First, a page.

On Wednesday, the U.S. Senate Health, Education, Labor and Pensions Committee approved the Employment Non-Discrimination Act, which provides federal workplace protections for gay and transgender Americans, on a 15–7 vote. Three Republican senators, Mark Kirk of Illinois, Lisa Murkowski of Alaska and Utah’s Orrin Hatch joined all 12 Democrats on the committee in passing the bill. Senate Majority Leader Harry Reid, d-Nev., has indicated that he expects the full Senate to consider the bill later this year.
This marks the first time that a trans-inclusive version of ENDA has ever passed the committee.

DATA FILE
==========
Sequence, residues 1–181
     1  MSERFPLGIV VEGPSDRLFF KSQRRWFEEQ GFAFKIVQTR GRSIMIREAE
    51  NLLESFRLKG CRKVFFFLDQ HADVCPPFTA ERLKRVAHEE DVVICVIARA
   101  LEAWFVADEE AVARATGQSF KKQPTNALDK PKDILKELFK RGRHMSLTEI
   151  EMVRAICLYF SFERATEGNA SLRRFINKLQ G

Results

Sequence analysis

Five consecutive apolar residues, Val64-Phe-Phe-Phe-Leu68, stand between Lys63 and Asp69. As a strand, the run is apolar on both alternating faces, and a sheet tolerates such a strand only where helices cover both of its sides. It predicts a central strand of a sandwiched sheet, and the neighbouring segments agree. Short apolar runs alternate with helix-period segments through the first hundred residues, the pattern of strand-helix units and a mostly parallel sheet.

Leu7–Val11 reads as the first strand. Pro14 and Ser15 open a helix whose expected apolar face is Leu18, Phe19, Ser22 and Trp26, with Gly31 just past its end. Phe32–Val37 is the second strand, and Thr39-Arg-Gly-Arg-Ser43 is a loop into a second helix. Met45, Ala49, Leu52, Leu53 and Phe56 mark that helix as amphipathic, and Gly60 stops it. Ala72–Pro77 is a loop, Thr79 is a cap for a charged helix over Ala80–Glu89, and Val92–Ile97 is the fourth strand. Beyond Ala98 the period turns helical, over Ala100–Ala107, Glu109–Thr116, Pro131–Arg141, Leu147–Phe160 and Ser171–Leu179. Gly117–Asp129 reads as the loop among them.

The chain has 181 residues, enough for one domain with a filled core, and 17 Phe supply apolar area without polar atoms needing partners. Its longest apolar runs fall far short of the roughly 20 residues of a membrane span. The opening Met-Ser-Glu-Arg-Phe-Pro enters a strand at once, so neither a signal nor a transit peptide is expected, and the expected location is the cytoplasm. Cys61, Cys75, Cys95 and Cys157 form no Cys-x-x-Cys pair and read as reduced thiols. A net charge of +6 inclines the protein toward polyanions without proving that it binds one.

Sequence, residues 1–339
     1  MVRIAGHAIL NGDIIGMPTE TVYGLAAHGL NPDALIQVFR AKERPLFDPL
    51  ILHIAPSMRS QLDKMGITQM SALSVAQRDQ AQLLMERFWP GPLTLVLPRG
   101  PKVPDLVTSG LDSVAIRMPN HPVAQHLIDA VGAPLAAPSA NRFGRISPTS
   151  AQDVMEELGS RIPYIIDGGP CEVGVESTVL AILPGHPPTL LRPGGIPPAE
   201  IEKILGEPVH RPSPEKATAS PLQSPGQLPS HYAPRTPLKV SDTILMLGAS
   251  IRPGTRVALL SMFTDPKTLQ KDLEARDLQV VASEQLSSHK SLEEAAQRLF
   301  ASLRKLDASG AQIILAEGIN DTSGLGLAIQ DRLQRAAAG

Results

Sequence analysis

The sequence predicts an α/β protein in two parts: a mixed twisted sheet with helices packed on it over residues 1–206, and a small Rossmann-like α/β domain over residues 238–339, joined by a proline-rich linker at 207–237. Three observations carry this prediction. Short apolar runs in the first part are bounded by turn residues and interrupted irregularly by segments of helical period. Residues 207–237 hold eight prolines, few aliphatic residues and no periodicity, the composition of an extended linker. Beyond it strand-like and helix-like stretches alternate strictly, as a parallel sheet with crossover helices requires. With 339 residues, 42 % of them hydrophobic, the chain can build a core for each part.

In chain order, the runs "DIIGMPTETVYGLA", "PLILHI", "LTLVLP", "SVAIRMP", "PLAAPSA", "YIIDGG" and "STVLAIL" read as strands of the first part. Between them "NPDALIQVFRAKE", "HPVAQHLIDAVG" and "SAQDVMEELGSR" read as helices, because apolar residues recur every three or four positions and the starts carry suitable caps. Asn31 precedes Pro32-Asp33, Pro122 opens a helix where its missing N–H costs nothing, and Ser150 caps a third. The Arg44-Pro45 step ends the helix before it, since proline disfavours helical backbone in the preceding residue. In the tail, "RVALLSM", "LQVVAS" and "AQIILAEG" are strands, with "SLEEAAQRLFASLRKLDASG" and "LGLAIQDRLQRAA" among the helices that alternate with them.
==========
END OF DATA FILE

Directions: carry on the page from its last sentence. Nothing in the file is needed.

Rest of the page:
Hatch supported the bill because of the religious protections it included.
“I appreciate that the authors of this bill were willing to include a robust religious exemption in this bill. I voted for it because it prohibits discrimination that should not occur in the workplace, it protects the rights of religious entities, and minimizes legal burdens on employers,” Hatch said in a statement.
The religious exemption referred to by Hatch is a provision that allows religious organizations to require employees and applicants to conform to a declared set of significant religious tenets. These tenets could be used to bar LGBT people from positions within religious organizations.
Sen. Lamar Alexander, R-Tenn. said that he has three amendments that he will bring to the floor when the Senate considers the bill.